Feeling like a new man

The new Fox action series "Second Chance" could have been called "The Six Billion Dollar Man" — a pair of siblings resurrect a disgraced sheriff into the bod of a superhuman stud who wants to save his FBI agent son, as long as it doesn't get in the way of him cruising the bars. The science elements are befuddling enough to drive Stephen Hawking to a "Real Housewives" marathon. 8 p.m., KMSP, Ch. 9

Crime does pay

Just as I was ready to concede that network TV has lost its dramatic nerve, along comes the second season of "American Crime," a series so thought-provoking you'd assume it was concocted during an HBO retreat — or a college psych class. Much of the cast has returned, but in entirely different roles and a new setting: an Indiana town that begins to unravel when members of an all-state basketball team are accused of raping a male student. Creator John Ridley, who won an Oscar for his "12 Years a Slave" screenplay, uses the fictional case as a starting point for discussions of homophobia, bullying, sexual politics and educational disparities — typically taboo subjects on mainstream television. 9 p.m., KSTP, Ch. 5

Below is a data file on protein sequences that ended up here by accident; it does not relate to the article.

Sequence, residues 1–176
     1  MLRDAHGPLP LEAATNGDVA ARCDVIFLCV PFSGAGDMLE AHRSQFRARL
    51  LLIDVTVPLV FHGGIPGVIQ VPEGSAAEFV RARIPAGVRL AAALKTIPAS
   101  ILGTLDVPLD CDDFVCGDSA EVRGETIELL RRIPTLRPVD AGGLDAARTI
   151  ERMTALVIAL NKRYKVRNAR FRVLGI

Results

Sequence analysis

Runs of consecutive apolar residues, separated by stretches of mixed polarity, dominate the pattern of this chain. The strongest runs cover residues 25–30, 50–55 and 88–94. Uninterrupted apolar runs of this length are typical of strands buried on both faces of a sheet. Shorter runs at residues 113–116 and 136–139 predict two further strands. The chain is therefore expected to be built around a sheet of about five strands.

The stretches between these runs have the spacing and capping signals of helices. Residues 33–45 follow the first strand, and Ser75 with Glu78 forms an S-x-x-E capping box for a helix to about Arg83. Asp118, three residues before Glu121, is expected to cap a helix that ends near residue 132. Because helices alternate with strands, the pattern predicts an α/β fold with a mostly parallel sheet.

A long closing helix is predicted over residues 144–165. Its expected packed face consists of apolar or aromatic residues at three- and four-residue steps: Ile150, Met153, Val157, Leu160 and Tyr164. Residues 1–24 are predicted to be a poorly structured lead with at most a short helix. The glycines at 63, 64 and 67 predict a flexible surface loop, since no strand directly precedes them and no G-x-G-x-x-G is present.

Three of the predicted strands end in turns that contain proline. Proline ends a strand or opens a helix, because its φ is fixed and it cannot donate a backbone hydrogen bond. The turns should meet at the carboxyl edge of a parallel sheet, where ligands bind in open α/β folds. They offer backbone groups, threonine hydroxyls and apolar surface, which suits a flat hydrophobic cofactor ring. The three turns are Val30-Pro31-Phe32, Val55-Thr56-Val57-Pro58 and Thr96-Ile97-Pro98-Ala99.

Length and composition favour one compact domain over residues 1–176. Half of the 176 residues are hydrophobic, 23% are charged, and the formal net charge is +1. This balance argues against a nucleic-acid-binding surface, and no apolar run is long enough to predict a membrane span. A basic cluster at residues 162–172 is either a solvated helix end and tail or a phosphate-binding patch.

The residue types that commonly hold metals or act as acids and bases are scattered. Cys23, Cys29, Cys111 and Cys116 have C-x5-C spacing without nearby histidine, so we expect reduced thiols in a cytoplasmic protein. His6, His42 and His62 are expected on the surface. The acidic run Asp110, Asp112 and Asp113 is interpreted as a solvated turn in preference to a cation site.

Lukewarm for teacher

You may want to give serious consideration to home schooling after watching the first episode of "Teachers," a comedy that suggests elementary instructors are too self-centered to do little more than point their students toward the cafeteria. The six female teachers, members of the comedy troupe the Katydids, try to lead an antibullying movement with some clever bits that worked in short form on the Web but are little more than stretching exercises in a half-hour format. 10:02 p.m., TV Land

Neal Justin